Some nice local songsters in the same patch of damp early successional habitat on our neighbor's property just up the road. Note quite yard birds, but not too far off either, easily being within comfortable walking distance of the house.
Blue-winged Warbler - Gill, Franklin Co., MA. May 19th, 2012.
Chestnut-sided Warbler - Gill, Franklin Co., MA. May 19th, 2012.
Alder Flycatcher - Gill, Franklin Co., MA. May 19th, 2012.
On my recent (very short) trip to Ohio and Michigan I had more good fortune with Cape May Warblers at a major migration stop-over. Unlike these birds at Cape May, NJ, the birds at Magee Marsh were all in breeding condition and a treat to behold. I had my best views in the parking lot where I escaped the crowds and found a few of my own birds. It was my first afternoon in Ohio and I thought "Mmmm, I'll just go check the boardwalk at Magee before checking into the hotel". Four hours later I was still there having notched up almost twenty species of warbler on what was described as a "slow afternoon" by the locals (!). Yikes - I can't help but wonder what it's like when it's busy!!
Another good day with a fine selection of new arrivals in the yard. Interestingly, yesterday's Canada Warbler seemed to have moved but in exactly the same spot (the Alders) a Northern Waterthrush spent much of the morning singing. Through the morning Great Crested Flycatcher, Eastern Wood-Pewee, Tennessee, Black-throated Green and BlackburnianWarblers and Indigo Bunting could all be heard singing from the yard, that's in addition to summer breeders such as Yellow Warbler, Louisiana Waterthrush and Baltimore Oriole. Just a quarter mile down the road, the first Alder Flycatcher of the season (bang on time!) and more Tennesse Warblers, plus Northern Parula, Wood Thrush and Indigo Bunting. These are exciting times with fresh birds turning up each day.
How nice to step out into the yard mid-morning and hear the jolty song of a Canada Warbler. Susannah and I had excellent views, not only a new yard bird but also a sweet addition to an impressive range of wood-warblers that I've already seen in the US this year. The bird hung around most of the day and was still singing from the Alders over the stream in the evening - very cool to have such a handsome addition to our yard list.
Elsewhere, we had a family visit to Laurel Lake in Erving State Forest finding singing PineSiskins on the North Road, along with Purple Finch and numerous Black-throated Blue, Black-throated Green and Blackburnian Warblers. The lake itself, whilst busy with folk, still had Spotted and Solitary Sandpipers to be seen. A lovely, warm spring day with temperatures reaching the low 80s.
Canada Warbler - male, Gill yard, Franklin Co., MA. May 13th, 2012.
Henslow's Sparrow - Southern Lower Peninsula, MI. May 8th, 2012.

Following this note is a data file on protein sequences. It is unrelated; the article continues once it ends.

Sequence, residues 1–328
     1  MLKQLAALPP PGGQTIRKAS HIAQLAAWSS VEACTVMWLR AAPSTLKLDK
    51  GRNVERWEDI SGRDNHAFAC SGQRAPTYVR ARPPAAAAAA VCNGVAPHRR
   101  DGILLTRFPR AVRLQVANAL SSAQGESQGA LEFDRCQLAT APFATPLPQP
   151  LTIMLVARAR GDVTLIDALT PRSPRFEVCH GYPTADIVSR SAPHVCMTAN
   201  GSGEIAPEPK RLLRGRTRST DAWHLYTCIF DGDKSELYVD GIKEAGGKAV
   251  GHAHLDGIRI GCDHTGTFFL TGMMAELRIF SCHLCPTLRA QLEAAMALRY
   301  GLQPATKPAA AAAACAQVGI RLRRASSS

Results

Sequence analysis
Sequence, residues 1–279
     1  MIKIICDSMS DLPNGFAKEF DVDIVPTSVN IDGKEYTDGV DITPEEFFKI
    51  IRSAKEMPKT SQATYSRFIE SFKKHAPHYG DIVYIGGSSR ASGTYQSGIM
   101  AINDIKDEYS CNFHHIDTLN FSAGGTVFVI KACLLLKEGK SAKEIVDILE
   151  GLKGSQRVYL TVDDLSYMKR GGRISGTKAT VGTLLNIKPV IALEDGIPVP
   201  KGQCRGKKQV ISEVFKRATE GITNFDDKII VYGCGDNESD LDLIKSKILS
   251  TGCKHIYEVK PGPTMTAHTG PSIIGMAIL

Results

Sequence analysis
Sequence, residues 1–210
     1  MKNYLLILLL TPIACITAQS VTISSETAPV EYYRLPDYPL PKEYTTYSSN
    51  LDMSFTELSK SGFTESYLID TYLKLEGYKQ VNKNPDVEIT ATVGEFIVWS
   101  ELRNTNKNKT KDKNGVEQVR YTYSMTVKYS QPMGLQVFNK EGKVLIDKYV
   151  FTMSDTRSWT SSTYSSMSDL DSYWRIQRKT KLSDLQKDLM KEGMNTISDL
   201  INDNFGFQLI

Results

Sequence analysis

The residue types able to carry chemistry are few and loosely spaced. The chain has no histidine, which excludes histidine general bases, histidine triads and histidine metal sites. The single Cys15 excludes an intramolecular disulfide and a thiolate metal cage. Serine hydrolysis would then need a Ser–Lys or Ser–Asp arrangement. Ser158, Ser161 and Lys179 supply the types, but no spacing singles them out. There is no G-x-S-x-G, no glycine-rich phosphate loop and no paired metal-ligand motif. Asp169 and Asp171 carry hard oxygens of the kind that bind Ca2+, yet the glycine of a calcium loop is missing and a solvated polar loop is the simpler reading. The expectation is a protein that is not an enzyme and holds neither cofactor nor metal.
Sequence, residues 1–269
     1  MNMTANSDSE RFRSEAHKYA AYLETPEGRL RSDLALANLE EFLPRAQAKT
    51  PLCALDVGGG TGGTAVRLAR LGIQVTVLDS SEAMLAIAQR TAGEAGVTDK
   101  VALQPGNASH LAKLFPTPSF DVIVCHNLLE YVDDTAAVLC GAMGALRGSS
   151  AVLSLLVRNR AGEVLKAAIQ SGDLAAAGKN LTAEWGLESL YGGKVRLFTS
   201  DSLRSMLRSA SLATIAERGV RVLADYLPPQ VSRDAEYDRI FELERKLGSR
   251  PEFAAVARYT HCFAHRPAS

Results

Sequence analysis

Just back from a short trip to Ohio and Michigan. Two rare songbirds very much on my 'wish list' were Kirtland's Warbler and Henslow's Sparrow though I recognized that I was probably a bit early for both of them.
Having scoured multiple recommended sites in Central and Northern Ohio for Henslow's Sparrow without success, I gave up chasing ghosts and decided to let the little beast come to me......which it did in Michigan on my way up to Grayling. I found these birds by driving past suitable looking habitat with the car windows down listening for the distinctive but unobtrusive "tsillik" song. Three different singing males are featured in this image set, all of them from the same field which held a further two singing males heard but not seen. When perched up and singing the birds weren't too difficult to see, but they would often fall silent for fairly long periods (15 - 20 minutes at a time) when they would be impossible to detect, or least from the roadside. How fortunate I was to be driving past when the birds were vocal!
As for the Kirtland's Warbler, more on that story later..........
The morning dawned dull, foggy, slightly muggy and full of drizzle. Perhaps not very encouraging to most and I admit that I was still waking up when Susannah announced a male Rose-breasted Grosbeak on the feeders! Over the next 30 minutes, the yard produced several exciting year firsts including a singing Warbling Vireo and superb Magnolia Warbler, not to mention a Ruby-crowned Kinglet and our resident, singing Louisiana Waterthrush.
Conditions looked good for a quick visit to Barton Cove and sure enough, fresh birds were present including no less than 70 Double-crested Cormorants (!), two Bonaparte's Gulls and two breeding plumaged Common Loons. Numerous Baltimore Orioles, Gray Catbirds and Black-throated Green Warblers all over Gill were sure indications of a wider incursion of those species.
All images taken in Gill, Franklin Co., MA, on May 3rd 2012.
Rose-breasted Grosbeak - male in the yard!
Magnolia Warbler - first of the year.
Ruby-crowned Kinglet - north-bound bird in full song.
Bonaparte's Gulls - Barton Cove, public boat ramp off Rt 2.
Double-crested Cormorants - Barton Cove, public boat ramp off Rt 2. Most of the 70 birds present in this shot.
Double-crested Cormorants - Barton Cove, public boat ramp off Rt2 but including this rather odd looking bird with very dull lores and gular, reminding me (for some reason) of the Pacific species, Brandt's Cormorant.
Very cool to see a full adult Caspian Tern foraging (successfully) in Barton Cove this morning, right off Riverview Drive in Gill. Very reminiscent of this observation at the same place last year on April 28th. Also, a nice raft of five Common Loons out on the cove, all five of them in full breeding plumage.